Chapter

The Hypothesis of Philosophical Relativity

Peter Unger

in Philosophical Relativity

Published in print November 2002 | ISBN: 9780195155532
Published online November 2003 | e-ISBN: 9780199833818 | DOI: http://dx.doi.org/10.1093/019515553X.003.0001
The Hypothesis of Philosophical Relativity

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Introduces the notion of philosophical relativity, the thesis that the answers we give for many philosophical problems are functions of arbitrary assumptions made at the initial stages of inquiry, and ipso facto that such problems lack objective solutions. Philosophical relativity is argued for via semantic relativity, the thesis that many of our terms do not have objectively specifiable semantic content. Semantic relativity is in turn argued for via an explication of the conflict obtaining between contextualism, the view that the semantic content of a lexical expression is whatever the speaker intended it to be, and invariantism, the view that the semantic content of a lexical expression is always its literal meaning. If semantic relativism can be shown to hold with regard to terms central in philosophical debate, then we have established philosophical relativism. Parallels with Quine's indeterminacy of interpretation thesis are drawn, with the present scenario being intralanguage indeterminacy as opposed to interlanguage indeterminacy. Strong indeterminacy is rejected, in an irregular move, via an appeal to a semantic holism.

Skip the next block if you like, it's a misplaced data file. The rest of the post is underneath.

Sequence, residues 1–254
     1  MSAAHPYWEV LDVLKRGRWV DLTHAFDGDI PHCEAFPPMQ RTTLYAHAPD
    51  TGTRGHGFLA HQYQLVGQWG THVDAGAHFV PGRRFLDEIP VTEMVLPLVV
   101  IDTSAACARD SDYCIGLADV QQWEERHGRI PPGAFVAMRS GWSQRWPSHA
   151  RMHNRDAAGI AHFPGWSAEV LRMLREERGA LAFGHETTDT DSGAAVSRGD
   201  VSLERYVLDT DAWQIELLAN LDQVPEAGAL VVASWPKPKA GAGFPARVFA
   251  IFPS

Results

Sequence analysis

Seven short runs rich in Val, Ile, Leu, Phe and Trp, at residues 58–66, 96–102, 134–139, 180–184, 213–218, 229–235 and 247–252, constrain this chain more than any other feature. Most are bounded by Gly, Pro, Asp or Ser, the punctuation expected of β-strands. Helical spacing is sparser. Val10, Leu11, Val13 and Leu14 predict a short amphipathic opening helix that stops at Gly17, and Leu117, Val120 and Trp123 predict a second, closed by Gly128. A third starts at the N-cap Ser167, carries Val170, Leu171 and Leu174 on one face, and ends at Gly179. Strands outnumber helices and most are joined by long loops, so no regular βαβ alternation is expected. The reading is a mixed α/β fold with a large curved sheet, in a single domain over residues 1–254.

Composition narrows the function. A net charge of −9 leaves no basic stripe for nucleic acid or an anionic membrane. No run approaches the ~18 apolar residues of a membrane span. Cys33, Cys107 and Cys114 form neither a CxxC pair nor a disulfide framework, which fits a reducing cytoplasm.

Keywords: contextualism; indeterminacy of interpretation; invariantism; philosophical relativity; Quine; semantic holism; semantic relativity

Chapter.  8945 words. 

Subjects: Philosophy

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